Well, heah I is. In de nick o’ time, too...

The Emperor Jones

Brutus Jones

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Well, heah I is. In de nick o’ time, too! Little mo' an' it'd be blacker'n de ace of spades heahabouts. [He pulls a bandana handkerchief from his hip pocket and mops off his perspiring face.] Sho'! Gimme air! I'se tuckered out sho' 'nuff. Dat soft Emperor job ain't no trainin' fo' a long hike ovah dat plain in de brilin' sun. [Then with a chuckle.] Cheah up, n****r, de worst is yet to come. [He lifts his head and stares at the forest. His chuckle peters out abruptly. In a tone of awe.] My goodness, look at dem woods, will you? Dat no−count Smithers said dey'd be black an' he sho' called de turn. [Turning away from them quickly and looking down at his feet, he snatches at a chance to change the subject−solicitously.] Feet, you is holdin' up yo' end fine an' I sutinly hopes you ain't blisterin' none. It's time you git a rest. [He takes off his shoes, his eyes studiously avoiding the forest. He feels of the soles of his feet gingerly.] You is still in de pink−−on'y a little mite feverish. Cool yo'selfs. Remember you done got a long journey yit befo' you. [He sits in a weary attitude, listening to the rhythmic beating of the tom−tom. He grumbles in a loud tone to cover up a growing uneasiness. ] Bush niggers! Wonder dey wouldn' git sick o’ beatin' dat drum. Sound louder, seem like. I wonder if dey's startin' after me? [He scrambles to his feet−, looking back across the plain.] Couldn't see dem now, nohow, if dey was hundred feet away. [Then shaking himself like a wet dog to get rid of these depressing thoughts.] Sho', dey's miles an miles behind. What you gittin’ fidgety about? [But he sits down and begins to lace up his shoes in great haste, all the time muttering reassuringly.] You know what? Yo' belly is empty, dat's what's de matter wid you. Come time to eat! Wid nothin' but wind on yo' stumach, o’ course you feels jiggedy. Well, we eats right heah an' now soon's I gits dese pesky shoes laced up! [He finishes lacing up his shoes.] Dere! Now le's see. [Gets on his hands and knees and searches the ground around him with his eyes.] White stone, white stone, where is you? [He sees the first white stone and crawls to it−with satisfaction.] Heah you is! I knowed dis was de right place. Box of grub, come to me. [He turns over the stone and feels in under it−in a tone of dismay.] Ain't heah! Gorry, is I in de right place or isn't I? Dere's 'nother stone. Guess dat's it. [He scrambles to the next stone and turns il over.] Ain't heah, neither! Grub, whar is yqu? Ain't heah. Gorry, has I got to go hungry into dem woods−all de night? [While he is talking he scrambles from one stone to another, turning them over in frantic haste. Finally, he jumps to his feet excitedly.] Is I lost de place? Must have! But how dat happen when I was followin' de trail across de plain in broad daylight? [Almost plaintively.] I'se hungry, I is! I gotta git my feed. Whar's my strength gonna come from if I doesn't? Gorry, I gotta find dat grub high an' low somehow! Why it come dark so quick like dat? Can't see nothin'. [He scratches a match on his trousers and peers about him. The rate of the beat of the far−off t0m−tom increases perceptibly as he does so. He mutters in a bewildered voice.] How come all dese white stones come heah when I only remembers one? [Suddenly, with a frightened gasp, he flings the match on the ground and stamps on it.] Nigger, is you gone crazy mad? Is you lightin' matches to show dem whar you is? Fo' Lawd's sake, use yo' haid. Gorry, I'se got to be careful! [He stares at the plain behind him apprehensively, his hand on his revolver.] But how come all dese white stones? And whar's dat tin box o’ grub I had all wrapped up in oil cloth?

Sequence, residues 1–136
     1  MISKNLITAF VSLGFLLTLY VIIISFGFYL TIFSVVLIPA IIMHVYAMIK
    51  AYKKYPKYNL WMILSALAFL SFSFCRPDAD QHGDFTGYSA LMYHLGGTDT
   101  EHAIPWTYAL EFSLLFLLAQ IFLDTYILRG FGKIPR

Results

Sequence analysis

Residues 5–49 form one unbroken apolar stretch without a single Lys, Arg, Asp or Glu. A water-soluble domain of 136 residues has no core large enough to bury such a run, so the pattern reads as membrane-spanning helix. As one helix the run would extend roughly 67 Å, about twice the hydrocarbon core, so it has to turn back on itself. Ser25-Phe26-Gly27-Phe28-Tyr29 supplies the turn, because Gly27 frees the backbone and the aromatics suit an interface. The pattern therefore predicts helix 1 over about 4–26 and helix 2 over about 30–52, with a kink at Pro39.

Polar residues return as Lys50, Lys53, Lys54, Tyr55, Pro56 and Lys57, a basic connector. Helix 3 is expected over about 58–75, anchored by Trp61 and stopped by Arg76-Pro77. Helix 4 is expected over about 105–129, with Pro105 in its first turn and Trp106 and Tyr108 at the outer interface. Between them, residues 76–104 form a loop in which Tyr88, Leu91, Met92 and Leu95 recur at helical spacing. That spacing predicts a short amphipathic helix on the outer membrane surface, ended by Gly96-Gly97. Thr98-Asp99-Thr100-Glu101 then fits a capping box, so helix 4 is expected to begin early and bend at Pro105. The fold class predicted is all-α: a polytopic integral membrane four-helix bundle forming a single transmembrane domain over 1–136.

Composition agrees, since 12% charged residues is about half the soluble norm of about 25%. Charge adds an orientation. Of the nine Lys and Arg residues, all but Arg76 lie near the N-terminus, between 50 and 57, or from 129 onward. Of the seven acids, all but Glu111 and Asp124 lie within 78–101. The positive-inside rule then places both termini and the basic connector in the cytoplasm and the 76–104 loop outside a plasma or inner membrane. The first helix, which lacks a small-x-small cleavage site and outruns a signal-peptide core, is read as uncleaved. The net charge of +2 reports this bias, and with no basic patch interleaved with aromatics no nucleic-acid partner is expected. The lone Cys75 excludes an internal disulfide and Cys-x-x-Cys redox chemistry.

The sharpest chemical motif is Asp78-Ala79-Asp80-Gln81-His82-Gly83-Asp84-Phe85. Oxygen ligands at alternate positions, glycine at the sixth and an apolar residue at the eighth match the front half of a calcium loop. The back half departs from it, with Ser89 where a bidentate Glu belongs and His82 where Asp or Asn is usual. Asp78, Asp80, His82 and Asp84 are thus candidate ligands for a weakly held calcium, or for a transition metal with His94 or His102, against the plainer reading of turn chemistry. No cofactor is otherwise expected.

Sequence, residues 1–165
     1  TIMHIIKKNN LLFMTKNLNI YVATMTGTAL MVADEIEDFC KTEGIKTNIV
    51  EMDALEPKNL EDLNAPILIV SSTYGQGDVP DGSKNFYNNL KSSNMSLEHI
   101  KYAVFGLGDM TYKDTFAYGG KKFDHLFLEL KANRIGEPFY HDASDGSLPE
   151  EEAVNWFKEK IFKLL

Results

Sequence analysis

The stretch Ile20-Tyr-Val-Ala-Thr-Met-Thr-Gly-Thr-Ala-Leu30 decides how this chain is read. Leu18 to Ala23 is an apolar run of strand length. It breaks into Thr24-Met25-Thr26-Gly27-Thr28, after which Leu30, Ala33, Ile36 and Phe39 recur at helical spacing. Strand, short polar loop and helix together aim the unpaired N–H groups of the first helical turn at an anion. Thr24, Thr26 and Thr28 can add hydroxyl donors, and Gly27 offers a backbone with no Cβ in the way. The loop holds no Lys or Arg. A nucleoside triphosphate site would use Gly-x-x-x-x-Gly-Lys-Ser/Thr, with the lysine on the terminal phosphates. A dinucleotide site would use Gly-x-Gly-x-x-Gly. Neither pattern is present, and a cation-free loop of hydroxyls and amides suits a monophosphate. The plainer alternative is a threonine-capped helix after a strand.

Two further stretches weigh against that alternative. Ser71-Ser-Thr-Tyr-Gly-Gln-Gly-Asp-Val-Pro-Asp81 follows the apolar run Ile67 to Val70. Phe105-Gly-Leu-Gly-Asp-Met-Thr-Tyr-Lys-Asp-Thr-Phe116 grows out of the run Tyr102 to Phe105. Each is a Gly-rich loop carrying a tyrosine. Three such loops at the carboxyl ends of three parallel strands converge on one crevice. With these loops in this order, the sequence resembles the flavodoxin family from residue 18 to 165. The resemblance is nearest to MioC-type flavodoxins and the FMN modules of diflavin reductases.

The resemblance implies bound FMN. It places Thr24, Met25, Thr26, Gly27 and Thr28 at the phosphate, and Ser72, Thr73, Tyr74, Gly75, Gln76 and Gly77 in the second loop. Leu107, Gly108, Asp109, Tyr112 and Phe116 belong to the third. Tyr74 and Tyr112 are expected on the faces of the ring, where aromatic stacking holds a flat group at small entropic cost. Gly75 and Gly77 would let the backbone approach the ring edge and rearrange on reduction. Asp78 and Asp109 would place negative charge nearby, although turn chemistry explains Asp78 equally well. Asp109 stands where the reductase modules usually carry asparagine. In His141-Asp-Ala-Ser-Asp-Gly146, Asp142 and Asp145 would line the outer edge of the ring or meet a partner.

O’Neill, Eugene. “The Emperor Jones”, Three Great Plays: The Emperor Jones, Anna Christie, and The Hairy Ape, Dover Publications Inc., 2005, pp.15-6.

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